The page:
Residential building consents steadily grew throughout 2012. The year ended with 16,960 consents being issued in the 12 months to December 2012, an increase of 24 percent on the year earlier. Most of this steady growth was due to an increase in residential building consents in the South Island.
As shown in the figure below, the Canterbury, Nelson and Otago regions led the way. In the 12 months to December 2012, 4,030 consents were issued in the Canterbury Region, while 990 and 285 consents were issued in the Otago and Nelson regions respectively.
For Otago and Nelson, these figures may signal a return to a level of building activity previously witnessed in the last quarter of 2010. While in Canterbury, most of the growth in new building consents continues to be in the Waimakariri and Selwyn districts. These two districts are central to the rebuild of the Greater Christchurch urban area as they are key areas for people relocating from the red zone areas in Christchurch City. In the last three months, there were 494 new houses consented in the two districts compared to 358 consents issued in Christchurch City.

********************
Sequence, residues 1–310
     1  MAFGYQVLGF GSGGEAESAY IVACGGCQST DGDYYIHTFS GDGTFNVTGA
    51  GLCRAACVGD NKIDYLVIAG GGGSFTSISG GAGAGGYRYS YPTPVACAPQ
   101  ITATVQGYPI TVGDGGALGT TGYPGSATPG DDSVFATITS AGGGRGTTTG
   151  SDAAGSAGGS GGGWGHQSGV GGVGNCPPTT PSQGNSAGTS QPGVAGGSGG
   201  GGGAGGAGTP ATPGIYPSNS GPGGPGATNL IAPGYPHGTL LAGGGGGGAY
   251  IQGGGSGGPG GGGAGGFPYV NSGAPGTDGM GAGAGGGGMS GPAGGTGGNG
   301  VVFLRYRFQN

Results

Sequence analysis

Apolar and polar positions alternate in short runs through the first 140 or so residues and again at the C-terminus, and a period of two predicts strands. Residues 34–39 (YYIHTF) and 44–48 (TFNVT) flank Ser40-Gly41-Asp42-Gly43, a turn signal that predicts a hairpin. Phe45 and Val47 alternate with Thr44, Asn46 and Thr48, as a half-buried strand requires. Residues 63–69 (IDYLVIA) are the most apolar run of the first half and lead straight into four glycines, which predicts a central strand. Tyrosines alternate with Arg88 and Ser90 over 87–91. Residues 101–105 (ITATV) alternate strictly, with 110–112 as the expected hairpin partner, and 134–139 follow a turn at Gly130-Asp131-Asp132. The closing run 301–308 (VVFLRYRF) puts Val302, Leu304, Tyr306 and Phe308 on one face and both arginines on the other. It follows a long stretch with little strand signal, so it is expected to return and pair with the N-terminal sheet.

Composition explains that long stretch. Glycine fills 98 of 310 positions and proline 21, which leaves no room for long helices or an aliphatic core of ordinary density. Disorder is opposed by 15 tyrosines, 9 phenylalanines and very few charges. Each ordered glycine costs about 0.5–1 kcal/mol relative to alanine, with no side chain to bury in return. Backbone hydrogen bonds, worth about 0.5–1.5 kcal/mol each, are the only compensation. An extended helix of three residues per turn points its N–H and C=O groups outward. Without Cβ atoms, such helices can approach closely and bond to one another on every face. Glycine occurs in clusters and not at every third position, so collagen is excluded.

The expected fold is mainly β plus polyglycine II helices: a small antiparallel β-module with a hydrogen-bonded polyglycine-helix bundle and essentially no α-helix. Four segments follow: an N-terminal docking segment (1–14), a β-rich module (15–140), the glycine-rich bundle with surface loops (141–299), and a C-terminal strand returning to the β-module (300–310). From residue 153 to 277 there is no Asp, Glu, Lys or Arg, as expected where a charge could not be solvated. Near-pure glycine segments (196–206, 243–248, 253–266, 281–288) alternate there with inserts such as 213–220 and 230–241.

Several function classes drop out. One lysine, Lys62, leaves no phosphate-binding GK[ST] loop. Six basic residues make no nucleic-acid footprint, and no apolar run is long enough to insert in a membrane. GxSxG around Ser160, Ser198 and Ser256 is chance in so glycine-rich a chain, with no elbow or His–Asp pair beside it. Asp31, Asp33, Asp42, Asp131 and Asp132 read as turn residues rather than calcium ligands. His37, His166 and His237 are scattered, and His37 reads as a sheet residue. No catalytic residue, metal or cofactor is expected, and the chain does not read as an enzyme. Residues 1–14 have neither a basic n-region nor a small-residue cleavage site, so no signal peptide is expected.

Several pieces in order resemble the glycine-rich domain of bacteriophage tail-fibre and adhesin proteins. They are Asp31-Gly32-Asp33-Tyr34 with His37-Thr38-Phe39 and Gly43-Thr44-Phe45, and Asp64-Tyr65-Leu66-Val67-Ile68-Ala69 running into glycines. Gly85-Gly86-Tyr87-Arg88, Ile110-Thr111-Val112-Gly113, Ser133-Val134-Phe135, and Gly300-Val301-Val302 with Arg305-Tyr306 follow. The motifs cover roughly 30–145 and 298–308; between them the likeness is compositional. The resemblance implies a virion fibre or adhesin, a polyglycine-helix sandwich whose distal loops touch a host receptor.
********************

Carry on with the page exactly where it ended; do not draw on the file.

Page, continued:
Non-residential building consents in contrast remain flat. In the year to December 2012, the number of non-residential consents was 12,790 just 2.4 percent higher than 12 months ago. The value and area of non-residential consents were both up on year-earlier figures, but still very low compared to pre-2008 levels.
The continued ‘flat patch’ in non-residential construction can also be observed in employment numbers. If we compare the 12 months to December 2012 with the 12 months to December 2011, employment in the building and construction industry was down 7.7 percent, with declines across most occupations employed in this industry.
The number of technicians and trades workers was down eight percent, while the number of machinery operators and drivers, and labourers was down 4.8 and 35.4 percent respectively. Across the regions, Canterbury, Taranaki and Hawke’s Bay were the only regions not to experience a decline in employment during this period.